From Proceedings of the Massachusetts Council of Deliberation AASR NMJ, 1915, Page 43:

Your committee appointed to prepare a memorial of our late Right Worshipful Brother Henry A. Belcher beg leave to submit the following:

Henry Alden Belcher was born at Randolph, Mass., on the sixth day of August, 1843. He was the son of Henry and Harriet Belcher and he was educated in his native town, being a graduate of the Stetson High School.

In 1857 he began his business career as a clerk in a dry goods store in Randolph, and at eighteen years of age became a partner in the concern, and three years later entered the employ of Jordan, Marsh & Company, where he served until 1876, when he became a member of the firm of R. H. White & Company, and so continued until 1896, when he retired, and giving up his active and successful work he traveled extensively, making several trips abroad. He also became deeply engrossed in horticulture and on several occasions took the first prize for the best arranged and most attractive private grounds in the State of Massachusetts.

In addition to his residence in Randolph Brother Belcher had a large estate on Cape Cod, where he was much interested in carrying on his farming operations.

His sound judgment and splendid business ability also made him a much-sought counselor in many fields, and he was a director of the Boylston National Bank, a director of the United States Coal and Oil Company, vice-president and treasurer of the Bristol and Norfolk Street Railroad Company, the vice-president of the Turner Free Library, and a member of the Massachusetts Legislature in 1898 and 1899.

He was also deeply devoted to the Unitarian Church and was for some time the president of the society.

The Masonic record of Brother Belcher is as follows:He received his Master Mason’s degree in Norfolk Union Lodge, on January 24, 1866, and his membership in that lodge dates from May 23d of that year, and after serving as Junior and Senior Warden, he was Worshipful Master in 1884, 1885, and 1888.

He was also District Deputy Grand Master in 1891 and 1892; Deputy Grand Master in 1896, and a Director of the Grand Lodge from 1897.

He received the Royal Arch degree in Pilgrim Chapter at Abington in 1872, his Super-Excellent degree in Satucket Council, Brockton, in 1889, and the Order of the Temple in Bay State Commandery in 1884.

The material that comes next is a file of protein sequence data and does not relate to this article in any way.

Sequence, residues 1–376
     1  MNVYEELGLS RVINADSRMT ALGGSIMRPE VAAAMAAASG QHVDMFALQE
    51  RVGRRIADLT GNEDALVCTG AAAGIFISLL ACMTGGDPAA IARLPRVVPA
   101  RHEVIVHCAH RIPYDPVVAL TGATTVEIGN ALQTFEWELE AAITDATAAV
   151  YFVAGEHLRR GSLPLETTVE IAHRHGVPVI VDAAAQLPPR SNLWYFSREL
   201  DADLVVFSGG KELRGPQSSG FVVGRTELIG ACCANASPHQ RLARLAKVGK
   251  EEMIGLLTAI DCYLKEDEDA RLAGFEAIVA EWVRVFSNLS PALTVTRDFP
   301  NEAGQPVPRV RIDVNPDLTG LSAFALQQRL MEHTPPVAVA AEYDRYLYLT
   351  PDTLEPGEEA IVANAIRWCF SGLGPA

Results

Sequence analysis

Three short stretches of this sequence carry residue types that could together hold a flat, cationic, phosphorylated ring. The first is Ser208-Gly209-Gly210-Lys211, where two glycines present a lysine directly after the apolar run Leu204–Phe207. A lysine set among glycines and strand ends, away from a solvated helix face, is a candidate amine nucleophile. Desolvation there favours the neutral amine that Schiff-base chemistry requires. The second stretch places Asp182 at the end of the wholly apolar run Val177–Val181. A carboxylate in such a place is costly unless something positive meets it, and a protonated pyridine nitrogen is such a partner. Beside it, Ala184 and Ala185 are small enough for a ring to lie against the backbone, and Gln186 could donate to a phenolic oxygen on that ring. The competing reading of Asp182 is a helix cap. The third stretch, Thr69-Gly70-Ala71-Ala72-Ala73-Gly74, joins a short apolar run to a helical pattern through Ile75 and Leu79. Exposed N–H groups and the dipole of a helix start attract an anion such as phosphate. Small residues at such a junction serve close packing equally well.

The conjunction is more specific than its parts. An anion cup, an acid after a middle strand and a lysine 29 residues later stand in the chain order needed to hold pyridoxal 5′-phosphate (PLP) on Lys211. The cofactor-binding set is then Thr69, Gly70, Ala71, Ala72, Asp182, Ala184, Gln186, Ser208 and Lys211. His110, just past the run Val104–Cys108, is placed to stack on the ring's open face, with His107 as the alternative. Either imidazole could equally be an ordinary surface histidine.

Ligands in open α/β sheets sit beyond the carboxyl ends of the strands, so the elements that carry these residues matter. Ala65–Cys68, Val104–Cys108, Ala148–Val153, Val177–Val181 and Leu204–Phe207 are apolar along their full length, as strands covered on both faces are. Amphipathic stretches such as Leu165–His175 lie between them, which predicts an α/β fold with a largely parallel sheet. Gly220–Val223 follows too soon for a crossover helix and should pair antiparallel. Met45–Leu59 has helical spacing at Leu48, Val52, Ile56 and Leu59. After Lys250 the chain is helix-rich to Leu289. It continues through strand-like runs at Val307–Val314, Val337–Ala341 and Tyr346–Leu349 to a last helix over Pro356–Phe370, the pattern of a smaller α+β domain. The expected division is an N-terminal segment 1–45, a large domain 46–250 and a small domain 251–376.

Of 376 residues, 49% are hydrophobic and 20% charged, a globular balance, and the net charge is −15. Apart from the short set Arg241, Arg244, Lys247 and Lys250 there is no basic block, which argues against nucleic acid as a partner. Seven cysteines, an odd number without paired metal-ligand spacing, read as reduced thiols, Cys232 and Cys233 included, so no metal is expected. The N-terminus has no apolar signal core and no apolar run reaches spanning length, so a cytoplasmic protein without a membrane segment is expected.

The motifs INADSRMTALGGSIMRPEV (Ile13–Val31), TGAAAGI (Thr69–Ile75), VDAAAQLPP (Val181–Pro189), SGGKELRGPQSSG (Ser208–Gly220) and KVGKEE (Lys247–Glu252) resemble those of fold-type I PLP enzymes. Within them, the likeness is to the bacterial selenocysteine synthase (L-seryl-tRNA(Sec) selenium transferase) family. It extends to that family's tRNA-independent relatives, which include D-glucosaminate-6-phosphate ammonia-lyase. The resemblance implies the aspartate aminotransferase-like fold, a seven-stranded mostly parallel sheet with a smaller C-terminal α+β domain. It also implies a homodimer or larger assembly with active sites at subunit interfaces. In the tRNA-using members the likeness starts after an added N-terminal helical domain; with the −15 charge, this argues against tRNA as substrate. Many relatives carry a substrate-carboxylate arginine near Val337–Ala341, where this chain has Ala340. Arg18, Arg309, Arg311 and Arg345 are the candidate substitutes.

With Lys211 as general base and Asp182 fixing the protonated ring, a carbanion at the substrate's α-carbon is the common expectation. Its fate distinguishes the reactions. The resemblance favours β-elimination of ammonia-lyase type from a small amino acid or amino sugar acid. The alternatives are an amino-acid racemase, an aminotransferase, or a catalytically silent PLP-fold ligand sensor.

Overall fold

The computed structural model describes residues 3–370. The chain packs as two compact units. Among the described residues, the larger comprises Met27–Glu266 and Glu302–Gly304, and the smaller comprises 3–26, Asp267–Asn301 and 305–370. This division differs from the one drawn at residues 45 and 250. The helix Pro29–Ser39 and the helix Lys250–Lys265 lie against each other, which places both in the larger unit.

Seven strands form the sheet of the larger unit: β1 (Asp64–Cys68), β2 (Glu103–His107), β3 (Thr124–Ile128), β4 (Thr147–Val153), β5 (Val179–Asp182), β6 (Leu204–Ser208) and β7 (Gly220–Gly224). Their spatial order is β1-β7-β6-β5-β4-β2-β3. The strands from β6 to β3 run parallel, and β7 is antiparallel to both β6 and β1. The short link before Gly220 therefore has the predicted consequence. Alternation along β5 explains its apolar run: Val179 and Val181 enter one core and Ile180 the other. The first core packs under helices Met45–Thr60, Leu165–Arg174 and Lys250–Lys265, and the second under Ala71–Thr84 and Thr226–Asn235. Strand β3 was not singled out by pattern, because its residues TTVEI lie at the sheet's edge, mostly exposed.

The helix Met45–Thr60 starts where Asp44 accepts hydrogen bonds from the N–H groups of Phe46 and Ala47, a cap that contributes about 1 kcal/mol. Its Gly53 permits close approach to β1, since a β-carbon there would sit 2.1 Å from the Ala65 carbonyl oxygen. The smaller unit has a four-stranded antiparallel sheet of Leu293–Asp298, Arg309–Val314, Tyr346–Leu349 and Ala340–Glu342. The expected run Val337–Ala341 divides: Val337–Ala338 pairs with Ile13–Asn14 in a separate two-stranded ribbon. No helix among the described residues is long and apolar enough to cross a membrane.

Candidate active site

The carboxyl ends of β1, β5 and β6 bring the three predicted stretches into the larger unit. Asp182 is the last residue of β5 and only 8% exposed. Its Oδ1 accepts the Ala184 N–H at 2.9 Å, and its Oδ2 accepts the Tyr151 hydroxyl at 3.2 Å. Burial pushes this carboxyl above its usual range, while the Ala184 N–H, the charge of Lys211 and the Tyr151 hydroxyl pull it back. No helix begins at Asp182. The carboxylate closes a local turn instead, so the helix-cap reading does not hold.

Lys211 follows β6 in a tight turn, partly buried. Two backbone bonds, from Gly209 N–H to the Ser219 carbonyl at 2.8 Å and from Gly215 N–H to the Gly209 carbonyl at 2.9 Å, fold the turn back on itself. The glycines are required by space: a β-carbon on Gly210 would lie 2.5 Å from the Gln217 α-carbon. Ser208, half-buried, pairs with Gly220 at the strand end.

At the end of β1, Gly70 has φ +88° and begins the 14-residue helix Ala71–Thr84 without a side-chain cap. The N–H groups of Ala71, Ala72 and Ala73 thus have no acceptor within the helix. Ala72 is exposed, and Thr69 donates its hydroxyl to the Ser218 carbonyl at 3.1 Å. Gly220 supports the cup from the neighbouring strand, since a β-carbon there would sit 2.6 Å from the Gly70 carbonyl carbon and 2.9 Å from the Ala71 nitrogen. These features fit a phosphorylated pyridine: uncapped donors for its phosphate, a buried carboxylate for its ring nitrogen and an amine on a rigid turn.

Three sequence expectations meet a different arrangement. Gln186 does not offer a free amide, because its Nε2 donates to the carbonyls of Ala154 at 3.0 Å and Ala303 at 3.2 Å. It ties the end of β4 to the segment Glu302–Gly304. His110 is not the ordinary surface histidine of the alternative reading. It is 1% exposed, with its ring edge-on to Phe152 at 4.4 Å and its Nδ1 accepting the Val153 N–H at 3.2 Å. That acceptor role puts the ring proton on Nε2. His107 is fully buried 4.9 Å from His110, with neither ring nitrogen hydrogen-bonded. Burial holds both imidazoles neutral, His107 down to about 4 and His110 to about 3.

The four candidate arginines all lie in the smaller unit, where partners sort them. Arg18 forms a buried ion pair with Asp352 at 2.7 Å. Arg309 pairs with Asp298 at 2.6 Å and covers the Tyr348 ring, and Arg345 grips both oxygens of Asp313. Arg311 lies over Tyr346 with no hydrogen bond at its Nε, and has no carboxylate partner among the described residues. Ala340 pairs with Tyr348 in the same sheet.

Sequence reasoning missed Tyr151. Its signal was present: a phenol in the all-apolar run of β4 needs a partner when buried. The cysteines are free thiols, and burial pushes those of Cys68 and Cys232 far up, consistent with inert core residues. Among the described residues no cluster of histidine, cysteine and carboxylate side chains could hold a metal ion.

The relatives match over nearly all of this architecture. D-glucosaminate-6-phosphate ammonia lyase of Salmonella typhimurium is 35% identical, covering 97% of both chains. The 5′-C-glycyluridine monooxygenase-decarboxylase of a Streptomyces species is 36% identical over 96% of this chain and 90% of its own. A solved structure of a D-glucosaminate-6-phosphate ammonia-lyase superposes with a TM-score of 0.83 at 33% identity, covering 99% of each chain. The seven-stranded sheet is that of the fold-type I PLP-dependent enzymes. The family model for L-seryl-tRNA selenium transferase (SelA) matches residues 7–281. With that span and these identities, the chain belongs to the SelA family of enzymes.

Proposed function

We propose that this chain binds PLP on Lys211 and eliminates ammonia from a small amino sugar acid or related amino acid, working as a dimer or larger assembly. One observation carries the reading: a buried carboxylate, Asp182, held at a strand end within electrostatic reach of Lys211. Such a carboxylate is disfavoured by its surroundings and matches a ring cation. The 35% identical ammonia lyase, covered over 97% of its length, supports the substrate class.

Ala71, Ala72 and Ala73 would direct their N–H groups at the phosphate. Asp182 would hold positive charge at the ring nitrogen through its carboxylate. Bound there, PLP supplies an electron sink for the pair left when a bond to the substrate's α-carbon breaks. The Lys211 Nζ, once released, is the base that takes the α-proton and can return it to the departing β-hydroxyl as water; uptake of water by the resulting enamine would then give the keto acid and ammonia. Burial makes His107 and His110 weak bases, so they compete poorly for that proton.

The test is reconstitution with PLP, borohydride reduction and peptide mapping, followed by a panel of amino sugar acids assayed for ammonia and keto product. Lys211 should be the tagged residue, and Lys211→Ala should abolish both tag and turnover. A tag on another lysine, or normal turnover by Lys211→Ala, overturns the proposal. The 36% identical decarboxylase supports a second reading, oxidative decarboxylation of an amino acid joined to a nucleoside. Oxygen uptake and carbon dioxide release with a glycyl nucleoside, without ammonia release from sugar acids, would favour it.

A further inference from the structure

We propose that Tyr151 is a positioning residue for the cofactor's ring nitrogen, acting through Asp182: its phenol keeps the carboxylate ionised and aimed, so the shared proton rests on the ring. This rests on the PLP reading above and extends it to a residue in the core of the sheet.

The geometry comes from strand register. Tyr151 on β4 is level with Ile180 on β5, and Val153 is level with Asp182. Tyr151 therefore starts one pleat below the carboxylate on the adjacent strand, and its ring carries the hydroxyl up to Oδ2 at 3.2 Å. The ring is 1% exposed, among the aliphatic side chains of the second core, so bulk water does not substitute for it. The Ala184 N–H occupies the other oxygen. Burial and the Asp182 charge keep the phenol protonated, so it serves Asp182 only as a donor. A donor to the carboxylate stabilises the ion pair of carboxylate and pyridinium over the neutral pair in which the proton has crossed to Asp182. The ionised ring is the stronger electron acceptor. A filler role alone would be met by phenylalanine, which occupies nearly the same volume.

He was also a member of Lafayette Lodge of Perfection, Giles F. Yates Council of Princes of Jerusalem, Mount Olivet Chapter of Rose Croix and Massachusetts Consistory, and he was made an Honorary Member of the Supreme Council of the thirty-third and last degree in September, 1901.

In every position that he was called to occupy Brother Belcher exhibited the same splendid attributes. Even tempered, decided, but not arbitrary, in his opinions, he commanded the respect and the earnest regard of all who knew him. He was a man of absolutely clean character. There are no blots or blemishes in the record of his life. His was a noble type of American citizenship, and his devotion to his home was worthy of emulation, since he spent nearly all of his evenings with his beloved wife at their fireside.

Brother Belcher was more than charitable — he was the friend and helper of all in need, and the extent of his giving can never be known, since he followed the scriptural injunction and did not let his left hand know what his right hand was doing. To every Masonic cause he generously lent his aid, and he provided in his will for a bequest of $20,000 to our Home at Charlton.The passing out of our earthly association of a man of such sterling qualities and such wide usefulness is a distinct loss to the moral capital of our community; and to us who were allied with him in Masonic friendship it is a source of deep and genuine grief, but our faith bridges the gulf between us and the Celestial Council into which he has been admitted to membership, and while our earnest sympathy goes out to her who was first in his affection, we look hopefully forward to a reunion with him in the world of light and life eternal.

We do not mourn a common loss.
O merchants, have you known of one,
A truer, cleaner-handed man
Than he whose earthly work is done?

Tell me, O friends, if anywhere
In all your circles, far or near,
You’ve found a firmer, truer friend
Than this fast friend that sleepeth here.

O husbands, wives, in all the earth,